Russian Oil Companies Warn Government Against Currency Control
- The Moscow Times
- Jun. 23 2016 13:12
- Last edited 13:12
Russia's Rosneft and Gazprom Neft have warned the Russian government that a new bill tightening currency control will have negative effects on the oil industry, the RBC news website reported Thursday.
State Duma lawmakers passed the first reading of the bill in January. The bill proposes amendments to the law on currency regulation and control of Russian loans to foreign entities.
The changes would require Russian individuals and businesses to return the entirety of the loan sum to Russia by whatever date the Central Bank specifies for return.
If Russian companies fail to return the loan on time, they can be fined 1/150 of the refinancing rate per day of delay, and fined from 75-100 percent of the loan total for non-payment on the whole.
The oil companies claim that the timetable for return of a loan is impossible to determine, and is always changing based on difficulties in implementing projects.
If a foreign company knows it will only have a certain time to return a Russian loan, that could be a huge deterrent against wanting to do business with Russian companies, they claim.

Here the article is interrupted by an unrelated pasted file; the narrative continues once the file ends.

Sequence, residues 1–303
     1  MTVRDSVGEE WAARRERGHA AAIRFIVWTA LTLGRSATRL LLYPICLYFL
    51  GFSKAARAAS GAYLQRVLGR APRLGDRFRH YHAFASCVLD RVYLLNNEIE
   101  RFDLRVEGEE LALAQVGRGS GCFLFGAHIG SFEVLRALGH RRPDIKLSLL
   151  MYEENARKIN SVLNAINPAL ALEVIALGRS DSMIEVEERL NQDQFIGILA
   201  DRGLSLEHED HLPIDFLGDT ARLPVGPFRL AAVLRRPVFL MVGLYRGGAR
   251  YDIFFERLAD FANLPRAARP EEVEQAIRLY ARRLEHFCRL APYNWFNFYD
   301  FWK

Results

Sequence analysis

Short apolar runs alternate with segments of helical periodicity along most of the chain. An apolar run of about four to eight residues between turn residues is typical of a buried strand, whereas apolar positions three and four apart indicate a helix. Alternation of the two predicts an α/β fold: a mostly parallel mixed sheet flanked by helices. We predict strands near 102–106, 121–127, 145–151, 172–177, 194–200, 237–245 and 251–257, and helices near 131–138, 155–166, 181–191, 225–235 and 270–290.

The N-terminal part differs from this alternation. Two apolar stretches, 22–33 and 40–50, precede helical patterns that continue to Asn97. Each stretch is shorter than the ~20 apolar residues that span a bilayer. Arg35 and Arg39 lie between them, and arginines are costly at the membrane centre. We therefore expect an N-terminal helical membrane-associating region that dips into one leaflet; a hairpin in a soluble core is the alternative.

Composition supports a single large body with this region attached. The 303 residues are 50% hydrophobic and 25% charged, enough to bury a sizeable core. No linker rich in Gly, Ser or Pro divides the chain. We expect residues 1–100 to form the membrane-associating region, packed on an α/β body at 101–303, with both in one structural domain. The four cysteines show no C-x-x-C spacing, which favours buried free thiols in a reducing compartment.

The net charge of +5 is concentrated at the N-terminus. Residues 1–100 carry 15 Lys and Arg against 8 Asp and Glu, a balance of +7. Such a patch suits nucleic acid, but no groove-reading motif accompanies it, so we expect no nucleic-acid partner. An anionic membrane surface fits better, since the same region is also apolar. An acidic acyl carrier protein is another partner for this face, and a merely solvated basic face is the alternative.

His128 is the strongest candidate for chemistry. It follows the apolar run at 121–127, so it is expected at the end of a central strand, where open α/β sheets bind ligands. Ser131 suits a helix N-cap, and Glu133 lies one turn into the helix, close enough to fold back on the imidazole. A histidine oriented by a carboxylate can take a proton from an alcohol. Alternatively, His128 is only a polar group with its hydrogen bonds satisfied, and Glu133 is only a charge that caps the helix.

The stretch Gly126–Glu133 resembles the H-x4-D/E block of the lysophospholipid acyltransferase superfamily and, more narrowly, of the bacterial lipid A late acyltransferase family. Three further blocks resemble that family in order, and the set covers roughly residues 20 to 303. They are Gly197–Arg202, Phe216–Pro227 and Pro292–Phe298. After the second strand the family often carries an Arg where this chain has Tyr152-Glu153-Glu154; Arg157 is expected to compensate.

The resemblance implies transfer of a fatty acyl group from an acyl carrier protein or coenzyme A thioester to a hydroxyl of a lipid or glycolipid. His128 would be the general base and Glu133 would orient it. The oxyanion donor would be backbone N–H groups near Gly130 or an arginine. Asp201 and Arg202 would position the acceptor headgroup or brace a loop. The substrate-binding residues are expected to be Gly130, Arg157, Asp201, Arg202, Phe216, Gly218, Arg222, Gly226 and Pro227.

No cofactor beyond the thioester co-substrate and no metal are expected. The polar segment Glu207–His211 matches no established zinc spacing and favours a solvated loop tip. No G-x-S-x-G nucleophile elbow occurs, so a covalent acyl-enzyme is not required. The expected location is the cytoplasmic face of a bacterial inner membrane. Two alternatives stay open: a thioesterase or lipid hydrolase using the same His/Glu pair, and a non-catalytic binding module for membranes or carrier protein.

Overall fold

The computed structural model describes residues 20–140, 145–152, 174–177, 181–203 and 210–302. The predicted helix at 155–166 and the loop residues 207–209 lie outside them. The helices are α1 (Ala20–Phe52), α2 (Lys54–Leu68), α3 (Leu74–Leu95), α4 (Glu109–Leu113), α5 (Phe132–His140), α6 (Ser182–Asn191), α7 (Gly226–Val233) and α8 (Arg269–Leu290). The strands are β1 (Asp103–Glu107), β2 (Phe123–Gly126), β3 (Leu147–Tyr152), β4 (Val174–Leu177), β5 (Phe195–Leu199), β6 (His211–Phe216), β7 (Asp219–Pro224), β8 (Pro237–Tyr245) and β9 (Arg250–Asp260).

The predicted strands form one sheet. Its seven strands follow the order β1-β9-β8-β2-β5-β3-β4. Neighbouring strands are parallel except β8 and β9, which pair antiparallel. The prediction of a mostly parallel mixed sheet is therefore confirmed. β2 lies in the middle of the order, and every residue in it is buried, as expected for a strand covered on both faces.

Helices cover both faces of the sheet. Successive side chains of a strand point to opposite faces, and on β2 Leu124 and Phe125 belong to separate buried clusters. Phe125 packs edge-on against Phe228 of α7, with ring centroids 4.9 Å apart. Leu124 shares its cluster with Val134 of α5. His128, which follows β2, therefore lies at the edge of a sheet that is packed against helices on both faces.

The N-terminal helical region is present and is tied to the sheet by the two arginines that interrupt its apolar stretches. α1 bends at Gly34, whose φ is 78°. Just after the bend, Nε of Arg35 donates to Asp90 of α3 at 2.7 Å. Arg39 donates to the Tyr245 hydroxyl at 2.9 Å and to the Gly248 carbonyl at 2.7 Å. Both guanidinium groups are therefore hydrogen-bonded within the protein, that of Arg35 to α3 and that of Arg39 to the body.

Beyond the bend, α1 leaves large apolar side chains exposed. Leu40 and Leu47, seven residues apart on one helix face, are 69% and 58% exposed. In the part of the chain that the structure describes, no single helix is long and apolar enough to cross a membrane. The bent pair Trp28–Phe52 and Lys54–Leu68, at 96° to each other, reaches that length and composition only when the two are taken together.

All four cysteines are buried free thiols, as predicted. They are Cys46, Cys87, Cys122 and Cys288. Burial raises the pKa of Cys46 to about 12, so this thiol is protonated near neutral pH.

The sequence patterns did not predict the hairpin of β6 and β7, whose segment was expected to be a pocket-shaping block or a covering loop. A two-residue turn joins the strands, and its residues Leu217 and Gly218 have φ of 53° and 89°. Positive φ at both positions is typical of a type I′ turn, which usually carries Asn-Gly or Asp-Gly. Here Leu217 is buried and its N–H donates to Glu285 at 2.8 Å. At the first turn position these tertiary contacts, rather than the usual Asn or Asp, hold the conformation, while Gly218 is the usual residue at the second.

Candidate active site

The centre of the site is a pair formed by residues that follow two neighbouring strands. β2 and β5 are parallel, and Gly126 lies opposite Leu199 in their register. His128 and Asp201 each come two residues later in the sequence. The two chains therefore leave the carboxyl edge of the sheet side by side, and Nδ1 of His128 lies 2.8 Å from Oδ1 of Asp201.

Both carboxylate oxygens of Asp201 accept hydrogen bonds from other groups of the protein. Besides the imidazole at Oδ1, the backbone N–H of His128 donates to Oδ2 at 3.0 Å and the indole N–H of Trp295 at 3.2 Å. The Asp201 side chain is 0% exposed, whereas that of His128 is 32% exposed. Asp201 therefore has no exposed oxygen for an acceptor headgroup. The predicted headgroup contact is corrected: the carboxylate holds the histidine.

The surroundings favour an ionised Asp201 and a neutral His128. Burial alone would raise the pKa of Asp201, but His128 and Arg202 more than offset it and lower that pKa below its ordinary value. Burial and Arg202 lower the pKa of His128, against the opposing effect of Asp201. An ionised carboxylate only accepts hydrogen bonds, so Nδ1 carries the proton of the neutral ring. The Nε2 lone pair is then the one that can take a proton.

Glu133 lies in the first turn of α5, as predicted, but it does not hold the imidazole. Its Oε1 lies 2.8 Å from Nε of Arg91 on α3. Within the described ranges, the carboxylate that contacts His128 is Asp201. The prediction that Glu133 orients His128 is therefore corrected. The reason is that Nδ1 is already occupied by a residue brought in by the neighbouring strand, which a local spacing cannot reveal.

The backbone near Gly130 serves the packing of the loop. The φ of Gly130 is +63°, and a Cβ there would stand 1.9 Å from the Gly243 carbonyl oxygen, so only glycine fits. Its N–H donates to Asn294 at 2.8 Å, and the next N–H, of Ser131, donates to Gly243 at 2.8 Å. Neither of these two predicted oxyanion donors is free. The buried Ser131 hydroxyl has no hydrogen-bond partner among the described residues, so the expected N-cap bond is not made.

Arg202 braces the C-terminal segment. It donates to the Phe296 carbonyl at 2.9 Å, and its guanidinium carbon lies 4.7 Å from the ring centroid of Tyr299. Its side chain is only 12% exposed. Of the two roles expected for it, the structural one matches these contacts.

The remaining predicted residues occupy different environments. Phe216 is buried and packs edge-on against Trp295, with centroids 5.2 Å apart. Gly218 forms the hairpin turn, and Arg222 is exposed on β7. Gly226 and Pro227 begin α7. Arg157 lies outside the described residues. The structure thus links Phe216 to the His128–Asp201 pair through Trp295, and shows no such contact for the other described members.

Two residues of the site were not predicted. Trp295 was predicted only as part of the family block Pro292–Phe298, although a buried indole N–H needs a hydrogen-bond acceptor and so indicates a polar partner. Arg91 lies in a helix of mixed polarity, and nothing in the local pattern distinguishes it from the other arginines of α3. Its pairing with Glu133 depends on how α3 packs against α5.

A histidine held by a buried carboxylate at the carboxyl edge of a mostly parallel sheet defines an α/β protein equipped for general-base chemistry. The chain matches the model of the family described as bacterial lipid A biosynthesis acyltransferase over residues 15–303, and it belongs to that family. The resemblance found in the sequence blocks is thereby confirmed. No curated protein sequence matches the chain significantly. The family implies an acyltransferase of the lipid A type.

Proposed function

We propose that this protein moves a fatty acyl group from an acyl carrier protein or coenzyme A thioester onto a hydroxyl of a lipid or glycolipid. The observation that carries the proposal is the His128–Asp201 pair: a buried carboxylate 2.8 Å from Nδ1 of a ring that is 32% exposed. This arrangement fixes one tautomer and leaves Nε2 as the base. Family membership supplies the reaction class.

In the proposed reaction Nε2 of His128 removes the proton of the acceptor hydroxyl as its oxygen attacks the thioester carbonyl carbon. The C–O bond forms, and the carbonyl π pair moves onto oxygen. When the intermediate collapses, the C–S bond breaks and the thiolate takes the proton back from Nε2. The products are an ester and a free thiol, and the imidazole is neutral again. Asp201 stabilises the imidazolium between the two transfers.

The increased risk of administrative fines combined with the loss of foreign business would be enough to have a serious negative impact on the Russian oil industry.
In mid-May, the Duma decided to defer consideration of the bill, and the second and third readings will not be accepted until the fall, according to one of the authors of the bill, Anatoly Aksakov, RBC reported. The delay stemmed from disagreements between the government and the Central Bank on the bill, but Aksakov did not clarify.
The price of oil remains the key driving factor behind the performance of Russia's economy, despite insistence from figures in the government to shift away from oil dependence.
Although the Central Bank lowered the key interest rate this month because of perceived resistance to fluctuation in oil prices, Russian real income still dropped 11.5 percent in May, with weak oil prices a contributing factor.